Once the counsel on the House International Relations Committee and an Illinois congressman after that, Mark Kirk has deployed to Afghanistan on multiple occasions as a naval reserve intelligence officer and has emerged as a leading Senate voice on Russia and the Middle East. A skeptic of the U.S-Russian reset and an opponent of cooperation with the Kremlin on nuclear arms control, Kirk and fellow Senator Jon Kyl were once described by a Russian diplomat as "monsters of the Cold War." Despite being sidelined by a stroke in January, he has been quietly marshaling support for harsher sanctions on Iran. The junior senator, who filled Obama's vacant seat in 2010, is a member of the powerful Appropriations Committee and appears to be positioning himself to be the next big foreign-policy heavyweight in the GOP, with the imminent departure of Kyl and Dick Lugar from the Senate.
This father-son duo is making the Zakheim name synonymous with GOP foreign policy. One of President George W. Bush's so-called Vulcans, father Dov has been a recurring character in Republican Defense Departments over the past two decades, including as a senior official during the Reagan administration and then as Pentagon comptroller during the second Bush administration. Today, the elder Zakheim, who blogs for FP's Shadow Government, is a senior foreign-policy advisor to the Romney campaign and has called for U.S. intervention in Syria, while vocally attacking what he sees as disastrous cuts to the defense budget. His son Roger, meanwhile, is one of a group of Republicans on the Hill looking to prevent those cuts. The younger Zakheim -- a Defense Department official in the second Bush administration who currently works on the staff of the House Armed Services Committee for Chairman Buck McKeon -- is a key member of Romney's shadow cabinet on international issues and co-chairs its defense working group.
A former staffer on the Senate Foreign Relations Committee, Danielle Pletka is currently a vice president at the American Enterprise Institute and a doyenne of Washington's neoconservative circles. An expert on national security, terrorism, and weapons proliferation, she also offers regular congressional testimony on Iran and the Middle East. Pletka has lamented the "silent coup d'état" in Iran in 2009, chastised the Obama administration for "sitting on its hands for days" while Muammar al-Qaddafi marched on Tripoli, and attacked the president for his handling of the Syria situation. (In a recent Washington Post op-ed, she argued in favor of using American airpower to create a "joint air-patrolled safe zone," as well as a "corridor" for refugees.)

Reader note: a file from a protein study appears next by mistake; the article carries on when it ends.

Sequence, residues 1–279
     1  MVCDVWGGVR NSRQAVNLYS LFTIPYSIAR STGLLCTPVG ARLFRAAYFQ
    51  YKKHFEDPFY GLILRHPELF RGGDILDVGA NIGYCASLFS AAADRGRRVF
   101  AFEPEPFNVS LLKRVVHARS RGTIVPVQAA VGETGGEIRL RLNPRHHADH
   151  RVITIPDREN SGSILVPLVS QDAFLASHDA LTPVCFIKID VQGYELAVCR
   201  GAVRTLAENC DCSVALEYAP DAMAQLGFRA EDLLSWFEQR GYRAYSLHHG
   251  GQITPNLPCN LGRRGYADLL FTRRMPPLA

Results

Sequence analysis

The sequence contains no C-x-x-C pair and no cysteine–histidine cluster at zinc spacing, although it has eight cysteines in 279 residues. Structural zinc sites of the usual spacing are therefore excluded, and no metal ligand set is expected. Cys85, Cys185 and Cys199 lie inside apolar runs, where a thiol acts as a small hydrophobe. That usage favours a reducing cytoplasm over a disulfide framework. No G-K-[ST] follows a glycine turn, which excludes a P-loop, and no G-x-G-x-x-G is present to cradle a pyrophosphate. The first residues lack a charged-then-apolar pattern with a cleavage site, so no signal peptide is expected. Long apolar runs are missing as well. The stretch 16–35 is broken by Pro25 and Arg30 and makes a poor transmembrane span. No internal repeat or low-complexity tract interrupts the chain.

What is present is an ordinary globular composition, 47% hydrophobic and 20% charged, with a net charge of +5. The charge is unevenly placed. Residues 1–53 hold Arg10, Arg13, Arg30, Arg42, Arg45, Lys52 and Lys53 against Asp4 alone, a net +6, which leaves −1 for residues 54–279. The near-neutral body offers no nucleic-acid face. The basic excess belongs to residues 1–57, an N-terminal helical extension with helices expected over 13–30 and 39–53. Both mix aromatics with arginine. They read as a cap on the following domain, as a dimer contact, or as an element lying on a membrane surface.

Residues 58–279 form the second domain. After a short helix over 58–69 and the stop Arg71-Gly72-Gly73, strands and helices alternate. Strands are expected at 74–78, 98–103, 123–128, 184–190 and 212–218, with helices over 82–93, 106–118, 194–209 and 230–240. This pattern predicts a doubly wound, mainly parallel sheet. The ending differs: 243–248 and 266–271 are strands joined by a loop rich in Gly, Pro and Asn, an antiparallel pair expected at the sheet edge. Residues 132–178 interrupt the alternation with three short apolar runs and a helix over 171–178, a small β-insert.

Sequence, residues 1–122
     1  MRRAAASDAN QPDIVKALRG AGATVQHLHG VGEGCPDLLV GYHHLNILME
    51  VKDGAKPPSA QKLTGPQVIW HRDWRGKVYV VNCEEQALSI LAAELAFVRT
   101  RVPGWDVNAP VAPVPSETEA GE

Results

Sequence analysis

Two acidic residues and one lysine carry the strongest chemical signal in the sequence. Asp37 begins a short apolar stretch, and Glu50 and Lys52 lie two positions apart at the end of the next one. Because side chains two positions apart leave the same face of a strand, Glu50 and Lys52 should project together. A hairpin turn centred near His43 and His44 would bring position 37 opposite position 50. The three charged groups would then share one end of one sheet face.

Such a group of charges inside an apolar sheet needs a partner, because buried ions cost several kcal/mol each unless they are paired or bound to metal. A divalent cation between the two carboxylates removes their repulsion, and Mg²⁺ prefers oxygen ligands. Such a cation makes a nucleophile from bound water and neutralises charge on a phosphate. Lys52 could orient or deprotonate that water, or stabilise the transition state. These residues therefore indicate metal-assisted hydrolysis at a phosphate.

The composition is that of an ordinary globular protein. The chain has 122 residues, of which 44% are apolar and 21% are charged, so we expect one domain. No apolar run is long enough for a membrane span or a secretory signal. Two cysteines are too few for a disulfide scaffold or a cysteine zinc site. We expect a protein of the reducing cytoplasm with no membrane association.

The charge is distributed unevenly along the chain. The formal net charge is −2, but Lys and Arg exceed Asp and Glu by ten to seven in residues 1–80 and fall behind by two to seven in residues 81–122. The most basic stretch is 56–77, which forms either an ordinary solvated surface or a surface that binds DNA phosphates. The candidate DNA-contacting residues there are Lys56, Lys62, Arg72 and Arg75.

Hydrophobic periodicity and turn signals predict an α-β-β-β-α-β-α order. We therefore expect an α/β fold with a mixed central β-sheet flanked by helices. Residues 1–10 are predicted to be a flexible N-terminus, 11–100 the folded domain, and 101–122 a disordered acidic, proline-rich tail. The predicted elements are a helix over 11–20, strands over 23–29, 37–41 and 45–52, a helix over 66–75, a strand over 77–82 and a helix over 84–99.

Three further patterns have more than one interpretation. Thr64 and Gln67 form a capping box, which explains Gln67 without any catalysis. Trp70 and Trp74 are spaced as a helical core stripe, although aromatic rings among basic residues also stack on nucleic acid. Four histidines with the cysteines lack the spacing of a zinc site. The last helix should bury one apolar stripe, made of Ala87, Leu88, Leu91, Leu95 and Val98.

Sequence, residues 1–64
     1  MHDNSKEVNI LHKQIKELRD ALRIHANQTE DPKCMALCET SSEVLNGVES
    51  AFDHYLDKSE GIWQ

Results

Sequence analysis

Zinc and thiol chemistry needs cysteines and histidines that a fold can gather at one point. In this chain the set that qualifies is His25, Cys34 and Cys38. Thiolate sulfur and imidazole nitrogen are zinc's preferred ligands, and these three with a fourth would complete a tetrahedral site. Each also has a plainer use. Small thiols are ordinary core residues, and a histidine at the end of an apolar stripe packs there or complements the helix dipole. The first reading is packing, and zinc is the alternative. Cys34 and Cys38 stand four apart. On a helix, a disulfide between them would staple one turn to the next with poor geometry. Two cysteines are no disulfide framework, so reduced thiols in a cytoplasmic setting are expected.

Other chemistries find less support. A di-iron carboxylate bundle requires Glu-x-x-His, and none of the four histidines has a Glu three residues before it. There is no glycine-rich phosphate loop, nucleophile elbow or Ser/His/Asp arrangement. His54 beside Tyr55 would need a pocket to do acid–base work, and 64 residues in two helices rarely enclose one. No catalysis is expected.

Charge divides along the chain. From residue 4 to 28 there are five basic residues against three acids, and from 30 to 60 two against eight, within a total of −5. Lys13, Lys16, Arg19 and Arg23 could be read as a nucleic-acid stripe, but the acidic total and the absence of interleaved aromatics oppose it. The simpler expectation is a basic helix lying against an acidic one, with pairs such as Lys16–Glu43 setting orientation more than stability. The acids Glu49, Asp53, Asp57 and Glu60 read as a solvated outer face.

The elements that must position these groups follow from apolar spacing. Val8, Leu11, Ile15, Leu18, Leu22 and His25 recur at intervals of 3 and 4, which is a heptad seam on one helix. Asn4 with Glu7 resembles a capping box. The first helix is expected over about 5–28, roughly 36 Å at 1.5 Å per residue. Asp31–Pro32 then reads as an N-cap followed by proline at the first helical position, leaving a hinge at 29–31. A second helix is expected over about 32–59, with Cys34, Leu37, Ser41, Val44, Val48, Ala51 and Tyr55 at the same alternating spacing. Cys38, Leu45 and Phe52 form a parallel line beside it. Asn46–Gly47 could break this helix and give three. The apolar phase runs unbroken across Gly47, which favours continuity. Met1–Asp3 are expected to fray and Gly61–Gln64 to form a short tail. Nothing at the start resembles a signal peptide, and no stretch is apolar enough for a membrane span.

A Romney advisor and professor at the Johns Hopkins School of Advanced International Studies, where he runs the Strategic Studies program, Eliot Cohen is the author or editor of more than half a dozen books on military history. (In 2002, prior to the invasion of Iraq, President Bush let slip that he was reading Supreme Command, Cohen's magnum opus on civilian leadership in times of conflict.) Once an Army reservist and a supporter of the Iraq war, the neoconservative Cohen criticized the administration's handling of the occupation in a 2005 Washington Post article called "A Hawk Questions Himself as His Son Goes to War." Despite those qualms and his criticism of the term "war on terror" ("Terror is the tactic, not the enemy"), Condoleezza Rice tapped Cohen in 2007 to serve as State Department counselor. A staunch supporter of Israel who has argued that the United States should "seek the overthrow of the Islamic Republic" in Iran, Cohen wrote the foreword to Romney's foreign-policy white paper, released last fall, which accused Obama of "waffling on trade agreements with friends" and "currying favor with our enemies."
The 91-year-old George Shultz has served as secretary of labor, Treasury, and state and worked in three Republican administrations, so it's not surprising that the Romney campaign lists him as one of the candidate's advisors. But the Hoover Institution fellow is also out of step with the contemporary GOP on some major issues, favoring a carbon tax to cut emissions and joining with fellow éminences grises Henry Kissinger, Sam Nunn, and William J. Perry to call for a world without nuclear weapons. Nevertheless, his credential as one of the men closest to Ronald Reagan (and his approach to the Soviets) still lends him significant behind-the-scenes influence within the party.